NEWS & BLOG
Views: 10 Author: Site Editor Publish Time: 2022-03-14 Origin: Site
The port of Messiah eased, with waiting ships halving from January's highs and container handling speeding up. But the industry warns that this may only be a temporary phenomenon.
The Wall Street Journal reported on the 10th that the Yusen Terminal is one of 13 terminals in the ports of Los Angeles and Long Beach; by the end of last week, the terminal will have 1,000 trucks here to connect goods. The busy terminal operation means that the port of Southern California is finally getting better.
Alan McCorkle, chief executive of Yusen Terminal, and others, said that shipments at container terminals have recently accelerated and have also been delivered to inland locations faster, mainly due to the shutdown of Asian factories during the Lunar New Year and the slowdown in imports. In addition, the number of employees absent from work due to the virus at the port has been greatly reduced, which also helps to speed up logistics.
Congestion at Southern California ports has greatly improved, with waiting ships dropping from an all-time high of 109 in January to 48 on March 6, the lowest level since September last year. Before the outbreak, there were usually very few ships waiting to dock. At the same time, U.S. import cargo volumes also fell. Inbound cargo volumes at the ports of Los Angeles and Long Beach fell to an 18-month low in December, after rising just 1.8 percent in January. Container wait times also fell from record highs.
Nevertheless, the outside world believes that the port can only take a short breath, and the situation will continue to be tense in the future. Sea-Intelligence forecasts that there will be a long wait for ships entering the port in the west of the United States. In the next three months, the average weekly import volume of the west of the United States will be 20% higher than the same period last year. Sea-Intelligence chief executive Alan Murphy said there could be 100 to 105 ships back in the port by April.
Some experts have different views, pointing out that the shipping rates from Asia to Europe and the United States have recently shown signs of falling back. The conflict between Russia and Ukraine has reduced the supply of raw materials and depressed demand, and the shipping market may "return to normal" ahead of schedule.
According to foreign shipping media reports, orders for low-value high-container goods in Asia have been cancelled. After the outbreak, the cost of shipping has skyrocketed by 8-10 times, and it is no longer profitable to sell such goods. A London gardening supplier revealed that the company could not pass on the 30% price increase pressure to Chinese products, and decided to cancel the order and wait for the shipping rate to fall back.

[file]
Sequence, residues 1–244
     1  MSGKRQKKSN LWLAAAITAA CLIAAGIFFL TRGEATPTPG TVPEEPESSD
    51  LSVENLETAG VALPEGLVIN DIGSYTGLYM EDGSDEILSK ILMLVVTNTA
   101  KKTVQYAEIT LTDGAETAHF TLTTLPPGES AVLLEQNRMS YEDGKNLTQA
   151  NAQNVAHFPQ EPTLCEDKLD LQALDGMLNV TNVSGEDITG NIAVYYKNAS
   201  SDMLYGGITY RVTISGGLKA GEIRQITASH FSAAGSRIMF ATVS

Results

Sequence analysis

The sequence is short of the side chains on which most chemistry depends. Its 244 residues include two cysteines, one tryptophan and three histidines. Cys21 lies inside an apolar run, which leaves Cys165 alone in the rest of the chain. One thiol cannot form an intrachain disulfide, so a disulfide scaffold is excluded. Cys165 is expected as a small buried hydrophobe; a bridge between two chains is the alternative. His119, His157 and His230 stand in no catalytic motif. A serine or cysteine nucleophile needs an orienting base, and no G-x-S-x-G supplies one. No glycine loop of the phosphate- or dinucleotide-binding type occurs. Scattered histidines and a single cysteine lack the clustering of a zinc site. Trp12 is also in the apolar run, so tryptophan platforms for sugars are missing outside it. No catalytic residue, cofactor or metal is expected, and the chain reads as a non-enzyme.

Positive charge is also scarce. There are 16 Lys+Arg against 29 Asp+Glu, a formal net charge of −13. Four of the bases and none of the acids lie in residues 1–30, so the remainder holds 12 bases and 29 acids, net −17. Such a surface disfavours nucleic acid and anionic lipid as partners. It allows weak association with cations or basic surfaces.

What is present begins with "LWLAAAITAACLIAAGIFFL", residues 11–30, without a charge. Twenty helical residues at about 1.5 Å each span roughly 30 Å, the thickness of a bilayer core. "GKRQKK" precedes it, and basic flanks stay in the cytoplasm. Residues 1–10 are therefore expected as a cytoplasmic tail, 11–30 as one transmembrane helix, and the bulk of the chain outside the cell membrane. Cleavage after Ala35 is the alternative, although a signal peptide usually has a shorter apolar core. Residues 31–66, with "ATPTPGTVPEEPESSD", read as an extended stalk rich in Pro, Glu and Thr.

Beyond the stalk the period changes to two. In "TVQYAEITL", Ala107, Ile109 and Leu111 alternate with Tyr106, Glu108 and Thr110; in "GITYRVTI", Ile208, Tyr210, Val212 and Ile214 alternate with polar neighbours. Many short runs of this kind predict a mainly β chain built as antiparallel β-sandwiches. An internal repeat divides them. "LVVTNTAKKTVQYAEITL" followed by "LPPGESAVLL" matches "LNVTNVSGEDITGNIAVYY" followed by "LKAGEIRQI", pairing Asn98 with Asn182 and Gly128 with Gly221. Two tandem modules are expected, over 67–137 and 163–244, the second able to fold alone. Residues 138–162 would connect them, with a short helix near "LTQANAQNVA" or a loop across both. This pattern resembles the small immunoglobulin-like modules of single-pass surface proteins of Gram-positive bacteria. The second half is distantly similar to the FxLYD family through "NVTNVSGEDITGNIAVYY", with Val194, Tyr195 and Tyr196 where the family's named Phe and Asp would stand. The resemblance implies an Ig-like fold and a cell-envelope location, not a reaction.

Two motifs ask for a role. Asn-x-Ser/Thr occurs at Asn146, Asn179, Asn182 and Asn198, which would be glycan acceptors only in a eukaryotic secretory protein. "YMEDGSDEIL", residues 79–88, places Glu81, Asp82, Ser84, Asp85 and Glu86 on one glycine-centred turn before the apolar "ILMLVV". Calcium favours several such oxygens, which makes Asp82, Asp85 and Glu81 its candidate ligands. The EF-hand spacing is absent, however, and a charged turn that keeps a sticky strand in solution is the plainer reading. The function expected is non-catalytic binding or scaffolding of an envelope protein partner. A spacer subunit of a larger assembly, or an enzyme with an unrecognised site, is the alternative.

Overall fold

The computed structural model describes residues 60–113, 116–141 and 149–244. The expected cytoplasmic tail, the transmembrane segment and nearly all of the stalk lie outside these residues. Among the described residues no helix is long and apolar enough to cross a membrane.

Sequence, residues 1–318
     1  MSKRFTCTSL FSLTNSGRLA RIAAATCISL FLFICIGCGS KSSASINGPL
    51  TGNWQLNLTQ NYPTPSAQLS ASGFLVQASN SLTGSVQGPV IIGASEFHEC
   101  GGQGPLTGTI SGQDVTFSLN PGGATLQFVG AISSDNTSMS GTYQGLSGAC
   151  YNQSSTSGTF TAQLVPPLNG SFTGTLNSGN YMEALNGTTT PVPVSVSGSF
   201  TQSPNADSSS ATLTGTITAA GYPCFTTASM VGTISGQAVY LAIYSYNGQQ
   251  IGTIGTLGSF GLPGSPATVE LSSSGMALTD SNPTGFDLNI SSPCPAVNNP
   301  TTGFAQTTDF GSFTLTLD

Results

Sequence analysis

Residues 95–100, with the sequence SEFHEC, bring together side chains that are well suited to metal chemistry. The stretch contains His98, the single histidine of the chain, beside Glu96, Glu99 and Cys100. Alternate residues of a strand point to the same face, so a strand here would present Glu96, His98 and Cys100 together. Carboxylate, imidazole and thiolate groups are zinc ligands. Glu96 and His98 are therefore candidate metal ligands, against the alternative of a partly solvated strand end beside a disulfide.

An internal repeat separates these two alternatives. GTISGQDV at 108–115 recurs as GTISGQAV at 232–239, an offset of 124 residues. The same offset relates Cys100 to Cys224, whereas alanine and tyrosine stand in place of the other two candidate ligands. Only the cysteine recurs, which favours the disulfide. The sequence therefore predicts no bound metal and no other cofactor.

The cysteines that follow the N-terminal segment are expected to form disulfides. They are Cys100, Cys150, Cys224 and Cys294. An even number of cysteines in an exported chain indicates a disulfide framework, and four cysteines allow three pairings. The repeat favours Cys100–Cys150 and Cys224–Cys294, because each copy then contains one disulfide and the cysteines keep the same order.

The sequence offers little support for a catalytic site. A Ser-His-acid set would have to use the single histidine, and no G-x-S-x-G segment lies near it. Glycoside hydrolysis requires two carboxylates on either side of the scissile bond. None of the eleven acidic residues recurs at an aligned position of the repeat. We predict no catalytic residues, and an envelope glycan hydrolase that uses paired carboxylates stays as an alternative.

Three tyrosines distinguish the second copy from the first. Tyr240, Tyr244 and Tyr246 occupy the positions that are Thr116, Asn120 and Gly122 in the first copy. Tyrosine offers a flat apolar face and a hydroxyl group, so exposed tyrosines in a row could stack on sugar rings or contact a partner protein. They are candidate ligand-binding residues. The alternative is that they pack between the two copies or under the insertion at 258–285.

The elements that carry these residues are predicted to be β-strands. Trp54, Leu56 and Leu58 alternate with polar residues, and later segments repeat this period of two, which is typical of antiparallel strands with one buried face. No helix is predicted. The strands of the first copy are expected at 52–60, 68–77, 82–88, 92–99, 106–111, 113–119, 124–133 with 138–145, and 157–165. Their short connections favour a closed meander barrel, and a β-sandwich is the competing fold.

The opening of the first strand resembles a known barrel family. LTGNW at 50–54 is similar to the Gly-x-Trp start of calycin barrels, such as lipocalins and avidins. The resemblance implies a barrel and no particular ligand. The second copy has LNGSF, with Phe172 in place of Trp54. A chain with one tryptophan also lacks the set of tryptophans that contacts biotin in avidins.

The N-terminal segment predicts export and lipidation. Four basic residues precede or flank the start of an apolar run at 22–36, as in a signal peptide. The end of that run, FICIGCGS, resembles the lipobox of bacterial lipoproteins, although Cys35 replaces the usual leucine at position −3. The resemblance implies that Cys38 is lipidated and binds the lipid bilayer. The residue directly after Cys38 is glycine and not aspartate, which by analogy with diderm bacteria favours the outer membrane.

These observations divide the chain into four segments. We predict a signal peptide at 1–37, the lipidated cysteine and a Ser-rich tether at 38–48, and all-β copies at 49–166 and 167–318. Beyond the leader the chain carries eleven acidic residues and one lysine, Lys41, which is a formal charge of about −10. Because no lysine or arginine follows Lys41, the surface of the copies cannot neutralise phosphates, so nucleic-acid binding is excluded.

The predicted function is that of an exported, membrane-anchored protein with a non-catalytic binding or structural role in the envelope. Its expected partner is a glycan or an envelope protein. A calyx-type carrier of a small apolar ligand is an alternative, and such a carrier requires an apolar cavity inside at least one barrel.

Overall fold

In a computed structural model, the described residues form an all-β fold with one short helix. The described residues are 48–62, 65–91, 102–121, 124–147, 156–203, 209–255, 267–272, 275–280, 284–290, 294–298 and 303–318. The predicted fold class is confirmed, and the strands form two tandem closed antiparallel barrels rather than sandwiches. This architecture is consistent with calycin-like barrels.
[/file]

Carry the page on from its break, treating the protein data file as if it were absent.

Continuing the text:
As a result, Asia-Nordic rates have started to decline, with spot rates on the route, which had previously been high at the Lunar New Years, softening. Freightos Baltic Index (Freightos Baltic Index) from Asia to Northern Europe last week, the freight rate per 40-foot equivalent unit (FEU) fell by 4.5% to 13,585 US dollars.
Not only that, but all-inclusive container shipping rates from Asia to North America also fell. S&P Platts data shows that on March 4, the cost of traveling to the east coast of the United States from North Asia was $11,000/FEU, and the cost of traveling to the West Coast of the United States from North Asia was $9,300/FEU. Some forwarders still offer prices as high as $15,000/FEU for West America, but the number of orders has decreased. The bookings of ships originating from China have been cancelled, and the space has increased sharply, and forwarders/shippers can obtain more favorable quotations from shipping companies.
But the uptrend in the latest Asia-to-North America Freightos Baltic Index continued last week: For example, the Asia-to-U.S. West Coast FBX index edged up to $16,353 per 40 feet in the latest week, up 4% from the previous month; Meanwhile, rates on the U.S. East Coast rose 8% this month, to $18,432 per 40-foot spot.
Judah Levine, head of research at Freightos, said: “The sharp climb on the East Coast likely reflects the increased focus on these destination ports by carriers and shippers. Empty container numbers have also fallen, but continued delays have led many shippers to look for alternatives. "As a result, congestion at East Coast ports such as Charleston has increased, and the latest forecasts show that freight volumes will continue to rise in the months ahead," he added.